An important part of life is creating an estate plan that allows individuals to prepare for what happens to their assets after they pass away. Part of administering an estate is the probate process. Probate is the process of deciding whether or not a deceased individual’s will is a valid document. The process also determines the value of their assets and any outstanding debts or taxes that are required to be paid. When an individual dies, there is a chance they wrote a will that must go through probate. If you are handling the estate administration process, you may wish to consult with an experienced attorney.
Filing a Will to Probate
When an estate plan is created, a person usually assigns a loved one to take care of these final wishes for them. This individual is known as an executor. To begin the process of administration, the executor must first file the deceased’s will in the Surrogate Court where they lived. Doing so requires the court to be given the death certificate, the probate petition, as well as any other necessary documents. Once the will is filed, any beneficiaries of the estate receive information of where the probate will occur.
When a will is created, there are certain guidelines that must be followed in order for the document to be legal. During the process of probate, the court will determine whether or not these rules were followed. In creating a will, an individual must be of sound mind while they sign the document. They must also sign it in the presence of witnesses with no one coercing them into doing so. If these guidelines are not followed, the will may not pass probate. If the Surrogate Court decides the will is valid, the administration process can continue.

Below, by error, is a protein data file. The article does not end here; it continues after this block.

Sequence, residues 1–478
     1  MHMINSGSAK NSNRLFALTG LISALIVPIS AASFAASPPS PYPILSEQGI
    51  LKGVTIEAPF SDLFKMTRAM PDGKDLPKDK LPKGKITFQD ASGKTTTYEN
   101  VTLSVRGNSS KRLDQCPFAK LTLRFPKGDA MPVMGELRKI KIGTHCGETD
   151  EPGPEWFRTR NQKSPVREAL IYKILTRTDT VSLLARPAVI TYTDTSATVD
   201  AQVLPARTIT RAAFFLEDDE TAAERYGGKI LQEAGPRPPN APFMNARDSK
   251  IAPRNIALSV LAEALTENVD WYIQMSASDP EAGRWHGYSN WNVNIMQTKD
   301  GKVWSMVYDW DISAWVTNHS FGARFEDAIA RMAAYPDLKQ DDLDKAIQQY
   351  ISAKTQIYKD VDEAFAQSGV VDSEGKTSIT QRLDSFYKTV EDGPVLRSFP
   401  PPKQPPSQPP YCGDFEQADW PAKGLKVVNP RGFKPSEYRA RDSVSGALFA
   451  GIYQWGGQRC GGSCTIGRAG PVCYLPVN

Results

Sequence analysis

Closing an Estate
Once probate is done, the executor may continue the rest of their responsibilities pertaining to the estate. This includes paying off any outstanding debts or taxes, resolving any contests to the will, and distributing all assets to their rightful beneficiaries. When the court believes the executor finished their duties, the process can end and the estate can be closed.
Contact our Firm
If you have been assigned as an executor and are required to take care of an estate, contact Margaret M. Mahon, Esq. LLC today.
The planning and administration of an estate requires experienced legal guidance. If you need an effective attorney to assist you with matters of wills, trusts, and estates, or the taxes associated with them, contact Margaret M. Mahon, Esq. LLC today to schedule a consultation.